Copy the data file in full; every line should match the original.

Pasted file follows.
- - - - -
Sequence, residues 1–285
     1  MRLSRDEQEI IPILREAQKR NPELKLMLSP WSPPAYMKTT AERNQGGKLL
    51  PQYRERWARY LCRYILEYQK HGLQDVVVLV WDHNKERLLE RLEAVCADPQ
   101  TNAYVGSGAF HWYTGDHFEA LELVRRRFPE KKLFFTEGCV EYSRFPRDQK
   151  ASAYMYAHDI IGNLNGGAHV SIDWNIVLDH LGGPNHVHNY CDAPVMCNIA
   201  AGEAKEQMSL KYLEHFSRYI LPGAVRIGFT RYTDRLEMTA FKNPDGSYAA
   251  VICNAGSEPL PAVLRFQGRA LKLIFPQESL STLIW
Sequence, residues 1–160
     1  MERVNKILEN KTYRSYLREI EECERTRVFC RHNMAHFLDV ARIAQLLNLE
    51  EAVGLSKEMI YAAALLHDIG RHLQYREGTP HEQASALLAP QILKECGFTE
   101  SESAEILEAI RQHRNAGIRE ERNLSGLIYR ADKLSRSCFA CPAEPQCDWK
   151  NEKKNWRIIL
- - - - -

Sequence, residues 1–285
     1  MRLSRDEQEI IPILREAQKR NPELKLMLSP WSPPAYMKTT AERNQGGKLL
    51  PQYRERWARY LCRYILEYQK HGLQDVVVLV WDHNKERLLE RLEAVCADPQ
   101  TNAYVGSGAF HWYTGDHFEA LELVRRRFPE KKLFFTEGCV EYSRFPRDQK
   151  ASAYMYAHDI IGNLNGGAHV SIDWNIVLDH LGGPNHVHNY CDAPVMCNIA
   201  AGEAKEQMSL KYLEHFSRYI LPGAVRIGFT RYTDRLEMTA FKNPDGSYAA
   251  VICNAGSEPL PAVLRFQGRA LKLIFPQESL STLIW
Sequence, residues 1–160
     1  MERVNKILEN KTYRSYLREI EECERTRVFC RHNMAHFLDV ARIAQLLNLE
    51  EAVGLSKEMI YAAALLHDIG RHLQYREGTP HEQASALLAP QILKECGFTE
   101  SESAEILEAI RQHRNAGIRE ERNLSGLIYR ADKLSRSCFA CPAEPQCDWK
   151  NEKKNWRIIL